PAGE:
This actually explains something I saw in a research study years ago. The study had men and women playing a computer war game. The subjects were to decide how much to bomb the opponents. Under most conditions the women bombed far less than the men, but in one condition they bombed as much or more than the men. That was when others could not see how much the women were bombing!   As long as no one could see, it was bombs away! The researchers were puzzled but Again, this seems to show the female preference for relational aggression that can be hidden and easily denied.

Men’s Issues

So how does relational aggression play out in men’s issues? Simple. It is embedded in just about all of it. Think about divorce and parental alienation. What an alienating mother does to the child is all relational aggression. She is telling lies to the child about the father, she is attempting to use those lies to hurt the father. This is relational aggression.  And it is obviously lethal.

Think about false accusations. Falsely accusing a man of rape is straight up relational aggression. It is lying with the intent to cause pain.

Both cases, the Parental Alienation and the false accusation show us something important. The lies that are used are very difficult to disprove and are very easily denied. If the father or the falsely accused man challenges the woman it is simple for her to deny and blow it off. If it ever gets to the point of her needing to admit she did this she can then say, “I didn’t mean to hurt anyone.” It is nearly impossible to disprove a false accusation. And keep in mind in both of these instances it is likely the authorities will get involved and become a tag team with 3rd party abuse.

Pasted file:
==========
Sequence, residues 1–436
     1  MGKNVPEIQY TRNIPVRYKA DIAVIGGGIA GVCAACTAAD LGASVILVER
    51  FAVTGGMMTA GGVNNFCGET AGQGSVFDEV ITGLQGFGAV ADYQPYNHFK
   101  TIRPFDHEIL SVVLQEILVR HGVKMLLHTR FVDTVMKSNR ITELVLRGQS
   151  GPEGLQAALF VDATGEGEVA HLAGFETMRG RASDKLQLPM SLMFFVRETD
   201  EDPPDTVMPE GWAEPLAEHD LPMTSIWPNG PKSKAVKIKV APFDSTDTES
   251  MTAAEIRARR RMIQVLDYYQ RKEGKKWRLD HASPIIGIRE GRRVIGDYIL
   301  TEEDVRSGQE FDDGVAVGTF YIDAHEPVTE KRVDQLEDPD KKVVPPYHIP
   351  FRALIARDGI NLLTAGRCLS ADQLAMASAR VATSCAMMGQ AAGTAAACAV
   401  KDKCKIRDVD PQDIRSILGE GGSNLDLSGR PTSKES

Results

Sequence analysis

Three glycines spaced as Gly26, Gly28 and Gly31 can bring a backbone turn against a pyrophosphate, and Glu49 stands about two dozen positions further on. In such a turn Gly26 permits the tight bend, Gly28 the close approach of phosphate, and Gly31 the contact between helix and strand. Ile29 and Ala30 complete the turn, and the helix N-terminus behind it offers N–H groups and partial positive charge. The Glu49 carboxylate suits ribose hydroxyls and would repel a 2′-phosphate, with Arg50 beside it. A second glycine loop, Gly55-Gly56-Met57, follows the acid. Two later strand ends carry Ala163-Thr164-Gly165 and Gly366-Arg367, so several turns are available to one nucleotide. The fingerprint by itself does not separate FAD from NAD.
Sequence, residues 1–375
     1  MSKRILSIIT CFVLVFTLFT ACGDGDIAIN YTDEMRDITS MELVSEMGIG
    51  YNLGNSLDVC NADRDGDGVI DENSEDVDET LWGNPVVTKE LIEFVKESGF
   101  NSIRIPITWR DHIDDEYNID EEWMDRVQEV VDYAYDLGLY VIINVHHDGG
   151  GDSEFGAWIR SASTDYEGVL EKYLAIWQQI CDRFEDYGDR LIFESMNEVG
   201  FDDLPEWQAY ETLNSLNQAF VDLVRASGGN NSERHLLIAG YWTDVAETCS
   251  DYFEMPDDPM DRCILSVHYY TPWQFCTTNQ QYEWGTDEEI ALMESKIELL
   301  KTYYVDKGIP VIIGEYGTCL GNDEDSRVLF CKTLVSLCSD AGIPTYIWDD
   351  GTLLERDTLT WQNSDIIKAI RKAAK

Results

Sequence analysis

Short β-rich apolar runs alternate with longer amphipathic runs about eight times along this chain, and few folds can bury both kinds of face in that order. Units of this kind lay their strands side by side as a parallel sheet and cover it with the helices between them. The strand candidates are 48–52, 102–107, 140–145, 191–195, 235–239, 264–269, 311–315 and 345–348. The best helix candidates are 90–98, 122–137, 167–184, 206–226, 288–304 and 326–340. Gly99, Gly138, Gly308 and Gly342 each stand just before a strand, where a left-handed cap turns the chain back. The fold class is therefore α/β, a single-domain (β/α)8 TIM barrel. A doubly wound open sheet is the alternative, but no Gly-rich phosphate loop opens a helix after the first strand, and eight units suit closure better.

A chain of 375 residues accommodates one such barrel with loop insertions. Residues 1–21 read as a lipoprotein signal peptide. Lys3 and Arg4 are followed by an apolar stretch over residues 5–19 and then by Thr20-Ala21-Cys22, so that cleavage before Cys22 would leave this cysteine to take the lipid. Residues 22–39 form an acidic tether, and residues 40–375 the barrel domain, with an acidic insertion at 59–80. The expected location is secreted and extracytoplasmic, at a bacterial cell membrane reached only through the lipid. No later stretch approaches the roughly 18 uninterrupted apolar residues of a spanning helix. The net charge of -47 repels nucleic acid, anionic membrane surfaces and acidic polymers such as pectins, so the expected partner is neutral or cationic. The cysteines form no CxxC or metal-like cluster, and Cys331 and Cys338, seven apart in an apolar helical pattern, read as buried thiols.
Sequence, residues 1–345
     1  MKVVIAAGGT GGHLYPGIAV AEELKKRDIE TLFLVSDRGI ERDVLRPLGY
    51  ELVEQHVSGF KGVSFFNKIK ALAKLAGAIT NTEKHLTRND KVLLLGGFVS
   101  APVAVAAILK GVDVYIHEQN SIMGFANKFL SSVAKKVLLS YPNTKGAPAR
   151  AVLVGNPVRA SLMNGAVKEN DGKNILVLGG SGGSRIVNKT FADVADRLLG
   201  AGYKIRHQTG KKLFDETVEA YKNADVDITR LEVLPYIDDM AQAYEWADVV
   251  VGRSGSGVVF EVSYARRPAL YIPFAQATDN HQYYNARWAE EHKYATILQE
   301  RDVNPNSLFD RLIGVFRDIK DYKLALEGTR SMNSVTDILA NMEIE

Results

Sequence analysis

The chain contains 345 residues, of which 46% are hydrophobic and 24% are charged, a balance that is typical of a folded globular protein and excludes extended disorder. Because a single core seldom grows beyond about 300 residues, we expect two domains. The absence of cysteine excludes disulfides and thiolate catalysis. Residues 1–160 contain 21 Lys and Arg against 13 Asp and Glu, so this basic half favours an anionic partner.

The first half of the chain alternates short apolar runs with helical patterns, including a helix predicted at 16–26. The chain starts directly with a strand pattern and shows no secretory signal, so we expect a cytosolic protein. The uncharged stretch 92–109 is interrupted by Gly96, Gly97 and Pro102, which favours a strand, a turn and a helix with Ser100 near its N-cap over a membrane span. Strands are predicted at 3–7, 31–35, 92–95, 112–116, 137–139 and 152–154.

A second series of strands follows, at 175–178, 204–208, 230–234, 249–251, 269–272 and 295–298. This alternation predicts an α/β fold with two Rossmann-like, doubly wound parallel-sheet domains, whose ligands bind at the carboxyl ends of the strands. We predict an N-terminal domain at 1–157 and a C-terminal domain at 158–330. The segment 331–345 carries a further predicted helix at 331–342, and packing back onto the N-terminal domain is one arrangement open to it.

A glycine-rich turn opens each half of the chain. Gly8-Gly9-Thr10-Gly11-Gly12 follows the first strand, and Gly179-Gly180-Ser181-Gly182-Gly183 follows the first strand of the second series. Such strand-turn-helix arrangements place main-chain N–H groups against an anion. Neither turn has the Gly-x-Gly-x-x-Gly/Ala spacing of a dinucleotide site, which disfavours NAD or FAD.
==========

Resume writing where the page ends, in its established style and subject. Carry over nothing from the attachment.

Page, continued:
Think of domestic violence. The feminists have maintained for decades that domestic violence is all about violent men beating innocent women. But is that really the truth? There are likely a small minority of couples where the husband is a sociopath and the feminist version is close to being correct but I think those situations are very rare. Research has shown us that most domestic violence is reciprocal. That is, both parties are involved in the altercations. So how did they get to the point where the man would hit her? It doesn’t take much creativity to realize that she likely used relational aggression of some sort that lit his fuse and eventually moved into their violent interchange. It’s a very good guess that she is using her relational aggression skills to create as much pain in him as she can and then he blows his top and the feminist oligarchy comes in and ignores her part in igniting the fuse and only focuses on his overt violence. Then the entire 3rd party abuse Duluth treatment regime takes over and officially sees him as the problem and her as the victim. That is insane.

It wasn’t always like that. When I worked at a mental health center in the 1970’s we were trying to help female victims of DV. At that time the feminists did not have a stranglehold over the services like they do now. There were competing voices. One of those competing voices was those doing family therapy. They believed that in the majority of cases (excluding the sociopaths) that what was needed was to help the couple with conflict resolution. This of course really pissed off the feminists since it negated their idea of bad man victim woman. A huge fight ensued between the two groups and as you can imagine the feminists won. Who knows what sorts of relational aggression they used to get their way. They needed to be sure that their basic assumption of men bad women victim was not tarnished or given a secondary place.   Thus the feminists submarined any kind of attention that might have been paid to the woman’s side of the problem. Only men were the bad guys.

Feminism is Relational Aggression, They are the mean girls.